7. I developed a nasty case of mastitis last week, which sucked and had me in bed with a fever and body aches for almost three days. I’m back at work today and feeling totally recovered except the affected boob is still plugged up and I get random stabbing pains. I’m doing every suggestion I can find to clear the duct, but in the meantime, any tips for reducing the random pain, or at least for not reflexively grabbing my boob at work when this happens?

    • Anon in NYC says:

      I’d try massaging it regularly. Do you have an office where you can close the door? If not, I’d just make more regular trips to the bathroom!

    • Advil for pain and lecithin for the clog – 3x/day until it goes away and then 1x/day for prevention. Feel better!

    • Lots of Motrin. And to actually clear the clog: drinking so much water, sunflower lecithin, and pumping on all fours for a gravity assist. The all fours thing was what finally cleared my most painful clogged duct post-mastitis. I’ve heard that if you can convince your spouse to suck it, it can help clear the clog if the baby won’t latch. I do not have that brand of husband so pumping on all fours it was. Ugh it hurts so much, I am so sorry.

      • Knope says:

        Ha my husband is definitely not that kind either! Baby is latching fine but hasn’t managed to clear it yet (there are actually multiple plugs, ugh. Pretty sure it was cause by a pump part that got warped in the dishwasher). I tried “dangle feeding” this morning but baby was not cooperating for more than a few mins. Will try pumping in that position and the lecithin though – thanks all!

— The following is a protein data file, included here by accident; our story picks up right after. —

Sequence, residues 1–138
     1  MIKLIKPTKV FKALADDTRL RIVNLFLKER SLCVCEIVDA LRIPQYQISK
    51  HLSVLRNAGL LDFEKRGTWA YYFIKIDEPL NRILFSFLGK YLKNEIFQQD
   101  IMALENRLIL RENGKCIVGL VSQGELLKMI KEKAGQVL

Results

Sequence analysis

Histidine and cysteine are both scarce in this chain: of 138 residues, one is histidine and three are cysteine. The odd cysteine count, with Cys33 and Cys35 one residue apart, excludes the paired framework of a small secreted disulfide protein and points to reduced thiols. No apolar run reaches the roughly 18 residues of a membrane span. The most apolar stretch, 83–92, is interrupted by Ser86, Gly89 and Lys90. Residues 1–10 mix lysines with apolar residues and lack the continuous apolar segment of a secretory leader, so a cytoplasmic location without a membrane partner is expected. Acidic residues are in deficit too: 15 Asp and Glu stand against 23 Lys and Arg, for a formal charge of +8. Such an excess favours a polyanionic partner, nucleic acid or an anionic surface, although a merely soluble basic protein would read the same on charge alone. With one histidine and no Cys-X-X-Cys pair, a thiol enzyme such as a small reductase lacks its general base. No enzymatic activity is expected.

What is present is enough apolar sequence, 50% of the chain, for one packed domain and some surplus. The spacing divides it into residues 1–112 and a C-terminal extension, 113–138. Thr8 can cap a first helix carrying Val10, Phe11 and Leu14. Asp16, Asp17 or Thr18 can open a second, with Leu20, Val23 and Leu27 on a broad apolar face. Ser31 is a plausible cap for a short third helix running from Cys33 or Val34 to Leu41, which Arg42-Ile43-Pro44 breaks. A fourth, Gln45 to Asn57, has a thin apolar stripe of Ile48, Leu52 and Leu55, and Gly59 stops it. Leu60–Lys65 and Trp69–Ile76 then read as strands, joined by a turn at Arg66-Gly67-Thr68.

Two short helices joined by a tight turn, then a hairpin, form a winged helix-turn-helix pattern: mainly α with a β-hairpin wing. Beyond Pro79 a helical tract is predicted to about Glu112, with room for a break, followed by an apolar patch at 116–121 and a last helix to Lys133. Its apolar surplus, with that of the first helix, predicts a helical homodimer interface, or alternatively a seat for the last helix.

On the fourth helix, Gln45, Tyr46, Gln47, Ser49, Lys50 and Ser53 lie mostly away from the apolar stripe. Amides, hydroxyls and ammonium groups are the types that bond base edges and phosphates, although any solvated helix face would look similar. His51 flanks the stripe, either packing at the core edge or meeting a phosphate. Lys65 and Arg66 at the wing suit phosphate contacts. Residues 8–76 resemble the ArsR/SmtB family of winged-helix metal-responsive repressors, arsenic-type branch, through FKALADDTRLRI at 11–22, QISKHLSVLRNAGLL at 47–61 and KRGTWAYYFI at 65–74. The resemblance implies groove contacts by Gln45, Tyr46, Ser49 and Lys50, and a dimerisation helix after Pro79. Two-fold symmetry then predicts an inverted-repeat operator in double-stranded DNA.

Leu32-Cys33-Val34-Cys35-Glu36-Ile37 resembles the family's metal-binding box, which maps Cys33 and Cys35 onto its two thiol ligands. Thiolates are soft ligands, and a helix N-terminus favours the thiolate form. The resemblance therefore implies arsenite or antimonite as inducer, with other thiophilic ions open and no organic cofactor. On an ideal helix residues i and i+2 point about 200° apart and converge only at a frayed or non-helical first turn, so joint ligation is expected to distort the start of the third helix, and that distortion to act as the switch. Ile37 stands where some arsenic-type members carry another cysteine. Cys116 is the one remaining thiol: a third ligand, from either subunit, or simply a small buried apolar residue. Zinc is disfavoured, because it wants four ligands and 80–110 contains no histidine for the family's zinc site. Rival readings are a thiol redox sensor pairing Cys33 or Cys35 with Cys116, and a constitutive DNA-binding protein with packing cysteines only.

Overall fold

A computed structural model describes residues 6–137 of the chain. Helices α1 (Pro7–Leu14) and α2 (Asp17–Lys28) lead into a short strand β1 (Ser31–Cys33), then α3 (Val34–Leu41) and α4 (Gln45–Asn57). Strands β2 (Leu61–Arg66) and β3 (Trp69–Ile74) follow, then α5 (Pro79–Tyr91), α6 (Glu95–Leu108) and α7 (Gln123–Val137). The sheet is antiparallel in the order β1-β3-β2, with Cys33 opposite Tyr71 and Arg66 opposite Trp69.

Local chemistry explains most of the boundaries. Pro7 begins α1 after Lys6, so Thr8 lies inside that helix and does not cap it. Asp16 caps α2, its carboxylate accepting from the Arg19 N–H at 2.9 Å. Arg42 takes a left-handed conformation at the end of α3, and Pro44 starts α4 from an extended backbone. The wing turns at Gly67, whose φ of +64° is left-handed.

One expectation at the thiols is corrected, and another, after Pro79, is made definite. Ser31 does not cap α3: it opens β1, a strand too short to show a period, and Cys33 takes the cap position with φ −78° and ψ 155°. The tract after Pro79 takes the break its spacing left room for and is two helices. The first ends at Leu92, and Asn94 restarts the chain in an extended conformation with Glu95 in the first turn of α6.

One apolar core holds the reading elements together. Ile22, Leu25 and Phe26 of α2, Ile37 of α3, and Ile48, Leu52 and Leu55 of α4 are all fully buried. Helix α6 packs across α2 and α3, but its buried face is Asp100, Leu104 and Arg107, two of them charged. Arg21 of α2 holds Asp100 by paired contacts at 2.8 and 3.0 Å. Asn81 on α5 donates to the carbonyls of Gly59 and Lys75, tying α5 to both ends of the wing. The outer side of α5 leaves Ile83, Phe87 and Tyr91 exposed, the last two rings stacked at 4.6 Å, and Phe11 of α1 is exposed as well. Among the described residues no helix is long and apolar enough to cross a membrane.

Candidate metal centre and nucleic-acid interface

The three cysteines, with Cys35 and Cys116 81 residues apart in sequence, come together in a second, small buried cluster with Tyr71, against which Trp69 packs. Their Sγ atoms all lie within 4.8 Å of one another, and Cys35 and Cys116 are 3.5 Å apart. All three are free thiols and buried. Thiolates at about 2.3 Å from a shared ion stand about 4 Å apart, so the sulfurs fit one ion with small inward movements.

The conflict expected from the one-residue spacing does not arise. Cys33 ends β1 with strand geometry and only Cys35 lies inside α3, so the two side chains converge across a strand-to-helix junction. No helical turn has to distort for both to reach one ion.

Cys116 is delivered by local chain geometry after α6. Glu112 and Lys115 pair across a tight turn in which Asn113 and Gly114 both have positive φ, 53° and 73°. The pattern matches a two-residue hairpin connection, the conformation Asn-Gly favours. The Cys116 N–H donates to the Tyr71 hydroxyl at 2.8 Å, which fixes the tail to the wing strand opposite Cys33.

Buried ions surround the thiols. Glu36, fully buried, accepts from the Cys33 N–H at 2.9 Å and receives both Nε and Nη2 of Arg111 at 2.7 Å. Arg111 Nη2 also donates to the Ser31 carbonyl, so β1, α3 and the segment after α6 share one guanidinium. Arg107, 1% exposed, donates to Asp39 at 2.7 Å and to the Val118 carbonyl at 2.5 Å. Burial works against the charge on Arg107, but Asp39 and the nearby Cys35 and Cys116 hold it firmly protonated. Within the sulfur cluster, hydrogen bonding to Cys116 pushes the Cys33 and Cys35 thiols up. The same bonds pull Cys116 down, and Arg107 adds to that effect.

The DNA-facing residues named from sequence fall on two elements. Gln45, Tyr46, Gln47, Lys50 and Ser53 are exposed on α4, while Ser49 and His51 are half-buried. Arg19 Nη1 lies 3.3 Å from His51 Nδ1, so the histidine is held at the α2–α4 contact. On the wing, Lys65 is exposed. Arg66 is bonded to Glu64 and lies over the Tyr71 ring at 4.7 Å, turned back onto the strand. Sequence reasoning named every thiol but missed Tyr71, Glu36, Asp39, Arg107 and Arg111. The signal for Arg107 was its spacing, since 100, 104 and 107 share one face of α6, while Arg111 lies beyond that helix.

8. My oldest is just starting preschool, with no “hot lunch” option, and has a classmate with a severe nut allergy. We switched to sunbutter (one of the few foods she’ll eat reliably is PBJ) and look at every label before we send lunch to school. However, this morning I just realized our bread also has nuts in it! I didn’t even think to look at bread! (So clearly didn’t look at EVERY label.) I quickly switched out the lunch for today, but I feel bad that I sent it twice last week, and will run to the store tonight to get nut-free bread.

    My husband is frustrated with this – basically our house needs to either become nut-free as well, or we need to keep two sets of food, so we have nut-free foods to send for lunch. We’re struggling to come up with lunch ideas in the first place, since we’re new to packing lunch. He was annoyed that lunches aren’t provided for preschool, and he thinks this nut-free requirement is just making it harder than it needs to be. Like me, he’s happy the school takes allergies seriously, but he’s frustrated and feels forced to follow a diet that he didn’t choose and isn’t applicable to anyone in our house. I’m sure he’s just venting and picking the wrong thing to complain about, but anything I can say to gently suggest he reframe this in his head? (He didn’t say this around my daughter, nor would he ever.) Or is there another solution that we’re missing?

    • Anonanonanon says:

      Can you clarify the extent of the nut ban? Is it “no nuts” or “no products that may have come into contact with nuts during processing” because there’s a big difference. I stressed over this in one of my son’s preschool classes and found out they just meant no actual nuts or nut butter, but it was OK if bread was manufactured in a facility that may also have nuts, for example

    • First, he needs to understand that you get what you pay for. Unless you live in a tiny city, there are plenty of preschools out there, and many provide hot lunch. Those also tend to be more expensive. You picked this one knowing that they didn’t serve lunch, so you can’t really be mad about that.